Songs22 Oct 2021
The event is over
A singular figure in the history of American art, Martha Wilson was one of the first artists to use her body to question social representations of the female. Her pioneering work in the early 1970s entered the field of conceptual practices with radical irony.
The artist transforms and disguises her appearance, and with a corrosive humour, she portrays the stereotypical identities of neoliberal America. Her militant commitment to the margins is reflected in her standup performances. She is also responsible for the creation of Franklin Furnace in New York in 1976, a place dedicated to showing and preserving artistic experimentation and activism, as well as the all-female music group Disband in 1978. The programme Songs, conceived by the artist in parallel with her exhibition at the Centre Pompidou, brings together a selection of songs from that period to the present day. In her bare voice, the artist distils her satirical spirit, charging the social and political mores of ultra-liberalism.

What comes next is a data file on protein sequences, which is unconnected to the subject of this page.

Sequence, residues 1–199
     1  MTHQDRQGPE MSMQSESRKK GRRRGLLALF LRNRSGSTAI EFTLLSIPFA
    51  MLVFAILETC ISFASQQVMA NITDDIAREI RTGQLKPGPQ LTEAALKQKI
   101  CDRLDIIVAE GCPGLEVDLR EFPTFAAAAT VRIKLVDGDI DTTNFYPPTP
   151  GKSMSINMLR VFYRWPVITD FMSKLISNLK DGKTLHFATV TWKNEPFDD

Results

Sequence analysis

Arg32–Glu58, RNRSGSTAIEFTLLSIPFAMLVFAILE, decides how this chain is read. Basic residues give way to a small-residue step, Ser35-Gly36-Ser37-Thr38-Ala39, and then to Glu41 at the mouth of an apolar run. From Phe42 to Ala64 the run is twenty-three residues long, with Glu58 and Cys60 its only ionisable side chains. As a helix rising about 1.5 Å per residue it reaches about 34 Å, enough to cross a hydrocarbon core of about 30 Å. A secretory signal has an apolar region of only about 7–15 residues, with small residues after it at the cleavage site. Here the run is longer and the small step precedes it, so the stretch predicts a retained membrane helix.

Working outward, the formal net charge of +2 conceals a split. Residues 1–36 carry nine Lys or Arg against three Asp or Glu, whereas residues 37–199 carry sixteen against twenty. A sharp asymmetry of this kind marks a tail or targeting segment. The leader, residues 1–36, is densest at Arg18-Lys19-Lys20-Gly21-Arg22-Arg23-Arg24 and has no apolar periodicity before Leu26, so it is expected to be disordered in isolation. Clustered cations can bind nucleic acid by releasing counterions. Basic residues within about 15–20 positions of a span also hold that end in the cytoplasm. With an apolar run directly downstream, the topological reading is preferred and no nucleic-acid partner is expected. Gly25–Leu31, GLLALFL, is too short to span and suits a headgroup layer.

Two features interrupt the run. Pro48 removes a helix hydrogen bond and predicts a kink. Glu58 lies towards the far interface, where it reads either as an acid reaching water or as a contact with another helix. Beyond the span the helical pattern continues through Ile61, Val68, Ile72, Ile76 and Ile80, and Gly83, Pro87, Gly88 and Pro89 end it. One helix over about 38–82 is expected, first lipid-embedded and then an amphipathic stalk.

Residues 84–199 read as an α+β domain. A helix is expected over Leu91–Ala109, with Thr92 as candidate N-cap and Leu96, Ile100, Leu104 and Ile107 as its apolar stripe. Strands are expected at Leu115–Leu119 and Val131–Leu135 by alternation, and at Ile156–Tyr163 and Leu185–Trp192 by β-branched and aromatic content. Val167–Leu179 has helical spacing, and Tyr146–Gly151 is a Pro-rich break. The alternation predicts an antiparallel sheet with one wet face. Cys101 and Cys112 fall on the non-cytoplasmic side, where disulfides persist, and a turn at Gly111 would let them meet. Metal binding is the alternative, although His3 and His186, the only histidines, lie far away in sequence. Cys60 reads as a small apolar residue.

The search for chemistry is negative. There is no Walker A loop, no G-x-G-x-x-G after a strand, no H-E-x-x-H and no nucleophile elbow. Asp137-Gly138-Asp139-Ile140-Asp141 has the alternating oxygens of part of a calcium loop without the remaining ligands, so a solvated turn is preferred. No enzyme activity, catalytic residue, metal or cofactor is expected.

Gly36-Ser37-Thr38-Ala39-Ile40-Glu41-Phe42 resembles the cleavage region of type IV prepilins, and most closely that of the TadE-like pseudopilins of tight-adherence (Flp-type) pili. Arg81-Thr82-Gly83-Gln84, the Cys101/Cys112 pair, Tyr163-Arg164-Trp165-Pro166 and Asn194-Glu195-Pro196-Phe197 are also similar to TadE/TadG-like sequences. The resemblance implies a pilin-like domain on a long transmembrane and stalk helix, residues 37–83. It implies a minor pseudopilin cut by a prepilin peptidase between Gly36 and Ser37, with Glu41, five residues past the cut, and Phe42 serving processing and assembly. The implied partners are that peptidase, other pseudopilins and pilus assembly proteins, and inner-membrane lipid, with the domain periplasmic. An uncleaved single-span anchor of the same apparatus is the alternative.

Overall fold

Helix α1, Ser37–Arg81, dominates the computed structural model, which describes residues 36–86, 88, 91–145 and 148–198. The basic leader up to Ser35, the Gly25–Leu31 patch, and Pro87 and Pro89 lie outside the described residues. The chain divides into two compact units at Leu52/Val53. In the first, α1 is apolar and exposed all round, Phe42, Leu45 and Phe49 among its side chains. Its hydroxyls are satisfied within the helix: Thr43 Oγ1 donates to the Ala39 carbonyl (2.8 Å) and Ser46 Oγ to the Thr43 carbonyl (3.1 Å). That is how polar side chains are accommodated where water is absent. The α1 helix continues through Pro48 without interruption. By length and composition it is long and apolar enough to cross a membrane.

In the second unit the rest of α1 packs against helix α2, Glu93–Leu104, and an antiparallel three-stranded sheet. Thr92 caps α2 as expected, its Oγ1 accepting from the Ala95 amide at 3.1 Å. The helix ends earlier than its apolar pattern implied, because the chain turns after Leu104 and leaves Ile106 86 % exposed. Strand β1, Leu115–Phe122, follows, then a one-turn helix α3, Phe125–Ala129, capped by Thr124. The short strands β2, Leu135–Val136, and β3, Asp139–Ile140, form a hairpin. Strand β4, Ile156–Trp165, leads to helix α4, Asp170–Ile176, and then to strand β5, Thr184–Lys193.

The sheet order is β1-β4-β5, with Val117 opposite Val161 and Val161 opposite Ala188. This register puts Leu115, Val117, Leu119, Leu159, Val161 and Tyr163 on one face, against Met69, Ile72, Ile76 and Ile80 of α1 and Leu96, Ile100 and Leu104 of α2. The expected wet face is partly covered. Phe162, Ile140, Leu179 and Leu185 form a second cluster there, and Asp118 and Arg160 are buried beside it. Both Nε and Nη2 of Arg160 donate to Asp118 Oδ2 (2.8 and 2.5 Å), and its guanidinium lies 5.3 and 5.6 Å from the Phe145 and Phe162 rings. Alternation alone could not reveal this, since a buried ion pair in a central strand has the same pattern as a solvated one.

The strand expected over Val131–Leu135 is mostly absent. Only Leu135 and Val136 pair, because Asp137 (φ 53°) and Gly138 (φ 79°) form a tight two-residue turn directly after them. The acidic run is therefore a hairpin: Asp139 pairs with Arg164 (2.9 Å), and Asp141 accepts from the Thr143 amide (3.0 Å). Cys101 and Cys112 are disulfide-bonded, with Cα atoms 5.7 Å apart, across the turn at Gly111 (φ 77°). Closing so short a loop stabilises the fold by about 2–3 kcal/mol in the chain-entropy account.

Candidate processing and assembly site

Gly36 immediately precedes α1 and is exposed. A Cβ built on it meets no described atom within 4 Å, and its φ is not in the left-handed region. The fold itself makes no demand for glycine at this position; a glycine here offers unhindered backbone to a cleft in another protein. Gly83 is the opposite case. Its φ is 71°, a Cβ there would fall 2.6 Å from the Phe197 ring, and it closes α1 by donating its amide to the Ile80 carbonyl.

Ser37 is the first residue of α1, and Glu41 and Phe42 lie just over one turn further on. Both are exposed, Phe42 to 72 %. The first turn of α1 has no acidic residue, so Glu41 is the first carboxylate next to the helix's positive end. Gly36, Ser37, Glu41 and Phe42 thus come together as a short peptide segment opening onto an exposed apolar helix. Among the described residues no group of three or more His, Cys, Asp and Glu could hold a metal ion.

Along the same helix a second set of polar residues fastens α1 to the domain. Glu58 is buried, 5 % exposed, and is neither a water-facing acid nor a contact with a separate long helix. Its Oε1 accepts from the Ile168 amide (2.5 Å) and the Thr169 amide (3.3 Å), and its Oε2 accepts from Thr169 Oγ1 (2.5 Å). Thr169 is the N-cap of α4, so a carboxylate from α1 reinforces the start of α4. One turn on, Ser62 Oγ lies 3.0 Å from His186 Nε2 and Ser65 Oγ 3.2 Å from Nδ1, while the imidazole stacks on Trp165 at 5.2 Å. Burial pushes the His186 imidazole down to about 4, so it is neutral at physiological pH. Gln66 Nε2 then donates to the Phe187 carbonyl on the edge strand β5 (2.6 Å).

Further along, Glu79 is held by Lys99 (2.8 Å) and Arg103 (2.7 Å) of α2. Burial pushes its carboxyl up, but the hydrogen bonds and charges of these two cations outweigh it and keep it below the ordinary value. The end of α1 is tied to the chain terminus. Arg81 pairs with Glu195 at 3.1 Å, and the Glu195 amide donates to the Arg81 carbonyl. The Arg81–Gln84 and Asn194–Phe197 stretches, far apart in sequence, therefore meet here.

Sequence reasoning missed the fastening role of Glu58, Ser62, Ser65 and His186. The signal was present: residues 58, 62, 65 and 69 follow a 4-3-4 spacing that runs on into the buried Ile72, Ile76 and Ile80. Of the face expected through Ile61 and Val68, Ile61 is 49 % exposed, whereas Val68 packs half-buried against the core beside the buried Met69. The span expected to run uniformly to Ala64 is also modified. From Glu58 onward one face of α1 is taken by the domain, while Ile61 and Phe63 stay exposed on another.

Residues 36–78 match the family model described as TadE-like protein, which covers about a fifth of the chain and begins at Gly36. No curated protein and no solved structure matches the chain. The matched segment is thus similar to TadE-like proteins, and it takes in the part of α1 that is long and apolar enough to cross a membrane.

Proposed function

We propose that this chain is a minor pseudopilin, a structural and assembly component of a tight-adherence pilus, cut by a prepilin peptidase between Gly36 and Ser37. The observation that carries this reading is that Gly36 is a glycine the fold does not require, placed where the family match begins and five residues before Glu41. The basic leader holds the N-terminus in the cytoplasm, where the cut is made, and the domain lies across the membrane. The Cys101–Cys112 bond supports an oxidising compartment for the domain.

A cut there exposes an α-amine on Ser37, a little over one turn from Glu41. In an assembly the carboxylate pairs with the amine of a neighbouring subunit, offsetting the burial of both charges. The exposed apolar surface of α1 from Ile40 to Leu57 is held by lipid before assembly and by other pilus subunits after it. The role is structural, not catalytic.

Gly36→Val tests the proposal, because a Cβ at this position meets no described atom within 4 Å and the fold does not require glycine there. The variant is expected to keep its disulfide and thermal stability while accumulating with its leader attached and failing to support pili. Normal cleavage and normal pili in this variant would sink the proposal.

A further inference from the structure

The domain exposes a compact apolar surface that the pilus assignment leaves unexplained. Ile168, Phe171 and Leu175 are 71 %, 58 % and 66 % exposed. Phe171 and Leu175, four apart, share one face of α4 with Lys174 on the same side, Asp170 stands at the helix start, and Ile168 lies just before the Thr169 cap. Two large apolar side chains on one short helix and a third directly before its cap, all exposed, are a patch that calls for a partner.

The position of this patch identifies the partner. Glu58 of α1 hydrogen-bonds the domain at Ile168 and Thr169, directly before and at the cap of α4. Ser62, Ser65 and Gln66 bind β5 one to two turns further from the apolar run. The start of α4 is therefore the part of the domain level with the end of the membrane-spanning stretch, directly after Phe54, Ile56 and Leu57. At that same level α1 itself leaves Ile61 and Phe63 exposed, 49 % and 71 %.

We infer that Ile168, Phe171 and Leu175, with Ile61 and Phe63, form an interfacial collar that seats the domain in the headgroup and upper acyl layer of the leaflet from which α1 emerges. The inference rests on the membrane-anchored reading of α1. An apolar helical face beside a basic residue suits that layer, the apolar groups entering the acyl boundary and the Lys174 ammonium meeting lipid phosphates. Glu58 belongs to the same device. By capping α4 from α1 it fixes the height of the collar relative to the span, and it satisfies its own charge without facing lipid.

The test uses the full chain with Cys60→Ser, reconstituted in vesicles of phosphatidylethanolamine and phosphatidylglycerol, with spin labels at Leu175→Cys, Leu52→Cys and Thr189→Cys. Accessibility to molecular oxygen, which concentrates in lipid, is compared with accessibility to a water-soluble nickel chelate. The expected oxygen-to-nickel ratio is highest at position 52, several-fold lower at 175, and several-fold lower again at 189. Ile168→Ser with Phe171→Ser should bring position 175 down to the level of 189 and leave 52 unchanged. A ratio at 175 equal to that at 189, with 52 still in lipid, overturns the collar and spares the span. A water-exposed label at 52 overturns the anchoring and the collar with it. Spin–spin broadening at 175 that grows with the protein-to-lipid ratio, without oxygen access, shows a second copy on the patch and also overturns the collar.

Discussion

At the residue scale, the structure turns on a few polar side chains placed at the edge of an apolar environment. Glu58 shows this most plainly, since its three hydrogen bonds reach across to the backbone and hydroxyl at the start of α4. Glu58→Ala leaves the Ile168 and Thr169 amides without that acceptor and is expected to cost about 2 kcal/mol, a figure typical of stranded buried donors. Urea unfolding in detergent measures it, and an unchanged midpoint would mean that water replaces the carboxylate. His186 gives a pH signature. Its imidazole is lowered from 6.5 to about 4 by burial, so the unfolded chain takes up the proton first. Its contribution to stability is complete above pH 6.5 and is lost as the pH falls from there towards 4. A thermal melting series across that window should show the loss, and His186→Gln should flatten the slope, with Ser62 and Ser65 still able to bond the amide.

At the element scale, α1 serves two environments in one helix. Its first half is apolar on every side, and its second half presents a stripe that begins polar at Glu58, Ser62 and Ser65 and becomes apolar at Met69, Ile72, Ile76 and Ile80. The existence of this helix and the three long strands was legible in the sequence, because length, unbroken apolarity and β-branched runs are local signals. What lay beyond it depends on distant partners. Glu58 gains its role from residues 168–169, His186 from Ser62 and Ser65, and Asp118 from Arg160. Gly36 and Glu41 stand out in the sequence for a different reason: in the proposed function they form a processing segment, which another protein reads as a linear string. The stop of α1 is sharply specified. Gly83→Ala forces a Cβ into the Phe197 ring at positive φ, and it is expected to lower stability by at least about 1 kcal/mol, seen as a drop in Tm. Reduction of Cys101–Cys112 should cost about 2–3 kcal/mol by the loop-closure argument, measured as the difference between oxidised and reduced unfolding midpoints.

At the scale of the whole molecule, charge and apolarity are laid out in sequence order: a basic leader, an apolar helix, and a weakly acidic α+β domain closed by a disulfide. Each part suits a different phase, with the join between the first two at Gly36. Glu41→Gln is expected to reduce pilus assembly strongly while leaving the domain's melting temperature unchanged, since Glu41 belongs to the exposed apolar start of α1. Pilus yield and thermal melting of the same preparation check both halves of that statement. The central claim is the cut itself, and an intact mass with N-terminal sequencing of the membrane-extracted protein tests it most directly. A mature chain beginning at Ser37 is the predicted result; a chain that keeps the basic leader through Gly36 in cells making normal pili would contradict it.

Born in 1947 in Philadelphia, Martha Wilson began directing herself in the early 1970s, alone in front of the camera, using video, photography and text. At the time, she was teaching English literature at the Nova Scotia College of Art and Design in the Canadian city of Halifax. She moved to New York in 1974, assuming her status as an artist on the margins of institutions and the market. Her work was quickly included in Lucy Lippard's pioneering work on feminist conceptual practices and rediscovered in the early 2000s. She has had several solo exhibitions and publications in the United States, Canada and Europe.
15h - 16h
18h - 19h